Does TV Fatten Kids More Than Video Games Do?
Of all the many reasons cited to reduce kids’ time on screen, the link between screens and obesity gets trotted out pretty often. The thinking is that children who spend a lot of time sitting, either watching television or playing video games, are not running around and so are getting fatter. The connection between screens and obesity has come to seem logical.
Now a study from University of Michigan suggests that it’s not the screens and the sitting but the eating-while-sitting that makes the difference. Kids who watch television eat more while they sit than do kids who play video games. TV and snacking go hand-in-hand. For video gamers, snacking is a separate, not a simultaneous, activity.
In the study, over 1000 sixth-graders from 24 Michigan middle schools filled out a questionnaire that asked about the type and frequency of their screen usage, their snacking habits and what they ate and drank in the previous day. The students were divided into three groups: low screen time (less than 30 minutes per day), high TV time (2 to 6 hours of television daily), and high computer/video time (2 to 6 hours of video games daily).
The outcome was that kids who spent more time in front of any screen – television or video games – snack more than low-screen kids and choose less healthy snacks. They report eating one additional snack each day over the number reported by low-screen kids. But kids who watch television 2 to 6 hours a day were more likely to eat high-fat foods like chips and French fries than did the kids who play video games for 2 to 6 hours each day. Video gamers snacked but snacked on more healthy foods than television watchers.
The researchers suggest that television supports snacking because of food-focused commercials. Certainly advertisements for fast food, snack foods, and even for cooking shows dominate much of the commercial time on programs aimed at children and families. The programs themselves, including commercial-free movies for children, often include eating and snacking sequences, sometimes with specific products prominently “placed.” Video games have far less food-related content.
Video-gamers suggest that the vulnerability of the video equipment to crumbs and liquids inclines kids to keep food away from their computer screens. Parents are more likely to enforce a no-food rule at the computer or tablet than they are in front of the TV. In addition, video game play keeps hands busy. There are neither time nor fingers available to snacking.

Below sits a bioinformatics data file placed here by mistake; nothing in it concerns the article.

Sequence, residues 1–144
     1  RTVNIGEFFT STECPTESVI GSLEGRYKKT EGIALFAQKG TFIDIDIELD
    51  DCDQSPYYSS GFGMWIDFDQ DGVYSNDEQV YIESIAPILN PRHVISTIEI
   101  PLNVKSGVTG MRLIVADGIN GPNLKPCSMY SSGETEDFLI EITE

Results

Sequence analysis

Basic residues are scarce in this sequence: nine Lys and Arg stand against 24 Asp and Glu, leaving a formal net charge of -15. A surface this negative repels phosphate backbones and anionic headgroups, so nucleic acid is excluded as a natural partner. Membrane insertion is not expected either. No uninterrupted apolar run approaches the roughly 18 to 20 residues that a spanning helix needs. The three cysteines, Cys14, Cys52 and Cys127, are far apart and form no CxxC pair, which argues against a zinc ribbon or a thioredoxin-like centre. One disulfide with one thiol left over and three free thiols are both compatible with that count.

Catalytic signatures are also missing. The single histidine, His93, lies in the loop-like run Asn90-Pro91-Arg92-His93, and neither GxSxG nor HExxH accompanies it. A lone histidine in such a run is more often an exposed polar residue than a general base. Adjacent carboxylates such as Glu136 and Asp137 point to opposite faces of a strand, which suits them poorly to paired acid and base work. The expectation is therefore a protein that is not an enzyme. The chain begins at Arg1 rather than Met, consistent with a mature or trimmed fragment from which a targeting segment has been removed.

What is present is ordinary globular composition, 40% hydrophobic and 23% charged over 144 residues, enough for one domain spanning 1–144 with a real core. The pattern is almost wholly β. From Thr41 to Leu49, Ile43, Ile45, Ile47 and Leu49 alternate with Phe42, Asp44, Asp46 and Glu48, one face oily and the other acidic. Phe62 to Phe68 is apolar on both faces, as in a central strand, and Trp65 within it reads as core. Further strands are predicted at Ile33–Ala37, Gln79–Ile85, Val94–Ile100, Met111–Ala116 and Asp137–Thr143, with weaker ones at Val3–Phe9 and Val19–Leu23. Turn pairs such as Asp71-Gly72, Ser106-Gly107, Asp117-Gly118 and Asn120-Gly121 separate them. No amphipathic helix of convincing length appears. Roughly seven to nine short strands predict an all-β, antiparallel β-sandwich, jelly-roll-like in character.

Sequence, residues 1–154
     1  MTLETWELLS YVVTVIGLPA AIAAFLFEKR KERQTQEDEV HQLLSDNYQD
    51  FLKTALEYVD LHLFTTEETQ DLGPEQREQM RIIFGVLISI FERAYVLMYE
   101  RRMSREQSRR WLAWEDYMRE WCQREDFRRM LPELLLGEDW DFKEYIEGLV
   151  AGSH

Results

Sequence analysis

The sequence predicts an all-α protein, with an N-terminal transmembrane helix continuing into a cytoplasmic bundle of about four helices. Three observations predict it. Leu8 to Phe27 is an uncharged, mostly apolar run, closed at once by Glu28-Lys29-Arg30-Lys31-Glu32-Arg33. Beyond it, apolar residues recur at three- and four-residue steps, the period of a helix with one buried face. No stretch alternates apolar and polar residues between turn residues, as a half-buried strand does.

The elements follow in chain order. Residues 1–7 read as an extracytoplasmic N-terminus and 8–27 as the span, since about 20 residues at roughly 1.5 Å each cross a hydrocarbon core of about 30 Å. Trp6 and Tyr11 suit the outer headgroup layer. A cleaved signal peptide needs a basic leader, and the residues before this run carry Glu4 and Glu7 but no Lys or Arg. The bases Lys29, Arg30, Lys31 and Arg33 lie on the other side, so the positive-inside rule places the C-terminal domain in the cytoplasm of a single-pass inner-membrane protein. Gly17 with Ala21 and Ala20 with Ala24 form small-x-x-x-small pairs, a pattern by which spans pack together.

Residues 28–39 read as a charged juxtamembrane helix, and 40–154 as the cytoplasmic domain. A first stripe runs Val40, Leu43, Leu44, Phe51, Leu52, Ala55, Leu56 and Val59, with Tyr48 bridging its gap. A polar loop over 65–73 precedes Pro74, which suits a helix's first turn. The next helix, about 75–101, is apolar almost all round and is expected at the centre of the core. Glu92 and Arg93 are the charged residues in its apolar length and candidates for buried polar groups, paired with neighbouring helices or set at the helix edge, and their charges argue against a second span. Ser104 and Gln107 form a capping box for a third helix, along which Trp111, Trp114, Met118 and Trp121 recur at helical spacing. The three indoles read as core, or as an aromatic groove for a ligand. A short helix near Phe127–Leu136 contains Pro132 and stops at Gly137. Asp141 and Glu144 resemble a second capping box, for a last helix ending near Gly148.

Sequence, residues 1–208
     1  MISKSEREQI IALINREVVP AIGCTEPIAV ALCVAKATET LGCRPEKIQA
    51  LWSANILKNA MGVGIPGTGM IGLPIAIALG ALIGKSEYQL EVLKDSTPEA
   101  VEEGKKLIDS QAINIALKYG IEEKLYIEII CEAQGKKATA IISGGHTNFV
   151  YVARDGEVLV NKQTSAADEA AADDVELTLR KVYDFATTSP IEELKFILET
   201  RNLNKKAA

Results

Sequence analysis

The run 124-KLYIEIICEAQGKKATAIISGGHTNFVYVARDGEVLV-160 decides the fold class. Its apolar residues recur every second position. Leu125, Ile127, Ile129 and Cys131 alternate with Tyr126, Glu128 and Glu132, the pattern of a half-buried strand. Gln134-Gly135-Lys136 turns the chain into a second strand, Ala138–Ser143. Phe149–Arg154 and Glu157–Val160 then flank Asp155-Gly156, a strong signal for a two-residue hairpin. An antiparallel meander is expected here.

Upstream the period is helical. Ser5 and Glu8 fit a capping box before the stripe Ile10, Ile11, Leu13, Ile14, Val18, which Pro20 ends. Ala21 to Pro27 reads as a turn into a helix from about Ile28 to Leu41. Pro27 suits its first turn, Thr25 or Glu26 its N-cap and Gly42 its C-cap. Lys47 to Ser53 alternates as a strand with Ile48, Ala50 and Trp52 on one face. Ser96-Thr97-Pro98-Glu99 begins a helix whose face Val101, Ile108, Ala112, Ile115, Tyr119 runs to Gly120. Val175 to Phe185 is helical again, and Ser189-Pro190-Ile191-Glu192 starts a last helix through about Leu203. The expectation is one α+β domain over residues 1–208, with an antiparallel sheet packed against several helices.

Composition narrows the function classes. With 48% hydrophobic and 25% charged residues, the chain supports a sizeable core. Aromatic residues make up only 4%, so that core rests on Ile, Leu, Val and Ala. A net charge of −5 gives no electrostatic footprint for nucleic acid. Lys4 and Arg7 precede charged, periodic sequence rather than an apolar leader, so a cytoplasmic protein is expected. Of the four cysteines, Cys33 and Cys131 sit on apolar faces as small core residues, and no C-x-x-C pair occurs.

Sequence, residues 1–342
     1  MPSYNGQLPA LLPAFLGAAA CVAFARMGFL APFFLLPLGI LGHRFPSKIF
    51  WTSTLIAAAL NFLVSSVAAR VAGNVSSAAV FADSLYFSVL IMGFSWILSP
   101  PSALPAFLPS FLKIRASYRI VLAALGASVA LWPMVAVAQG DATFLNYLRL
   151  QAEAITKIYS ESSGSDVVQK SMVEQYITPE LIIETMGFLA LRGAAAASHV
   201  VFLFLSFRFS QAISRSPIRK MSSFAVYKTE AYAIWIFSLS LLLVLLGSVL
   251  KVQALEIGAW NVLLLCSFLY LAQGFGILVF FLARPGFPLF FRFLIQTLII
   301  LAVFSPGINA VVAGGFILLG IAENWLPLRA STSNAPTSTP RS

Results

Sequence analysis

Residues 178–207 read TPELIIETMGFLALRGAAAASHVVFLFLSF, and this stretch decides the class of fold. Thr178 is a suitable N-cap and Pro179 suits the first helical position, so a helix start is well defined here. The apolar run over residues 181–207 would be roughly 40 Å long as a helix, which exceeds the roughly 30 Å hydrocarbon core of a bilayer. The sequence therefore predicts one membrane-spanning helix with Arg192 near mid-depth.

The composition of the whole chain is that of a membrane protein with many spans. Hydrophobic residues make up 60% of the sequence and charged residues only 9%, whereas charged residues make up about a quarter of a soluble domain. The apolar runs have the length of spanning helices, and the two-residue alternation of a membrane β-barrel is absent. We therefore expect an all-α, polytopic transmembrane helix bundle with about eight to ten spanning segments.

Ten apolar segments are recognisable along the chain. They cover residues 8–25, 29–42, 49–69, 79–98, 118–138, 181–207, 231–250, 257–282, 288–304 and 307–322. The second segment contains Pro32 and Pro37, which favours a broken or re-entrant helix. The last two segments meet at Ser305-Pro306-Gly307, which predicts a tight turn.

The American Academy of Pediatrics estimates that, on average, children spend 7 hours a day on screen-based entertainment, of which 4 ½ hours are television. This is in addition to the 6 hours kids spend at school on a weekday. Obviously very little time is left over for active play. Whatever calories are consumed while sitting add up instead of being burned off.
There are many reasons to get kids up off the couch and out to play. The hazards of a sedentary lifestyle are important. It may be that not only the time devoted to screens matters but also which sort of screen. At the same time, keep these ideas in mind:
- Limit snacking and especially restrict snacking to “good” foods. A peanut butter sandwich and a glass of milk are better than chips and soda any day.
- Fast-forward past commercials when watching a recorded program and to mute the sound of commercials during live programs. There’s no need for you to be a captive audience for marketers of products that are bad for them.
- As always, limit screen time. Notice that in the University of Michigan study there actually were sixth-graders who had less than a half hour of screen time each day and these kids were the healthiest. Start now to cut back. Replace screens with reading, outdoor play, arts and crafts, and board games.
The more you stay active, mentally and physically, the healthier you will be.
© 2014, Patricia Nan Anderson. All rights reserved. This material may not be published, broadcast, rewritten, or redistributed. Ask for Dr. Anderson’s new book, Parenting: A Field Guide, at your favorite bookstore.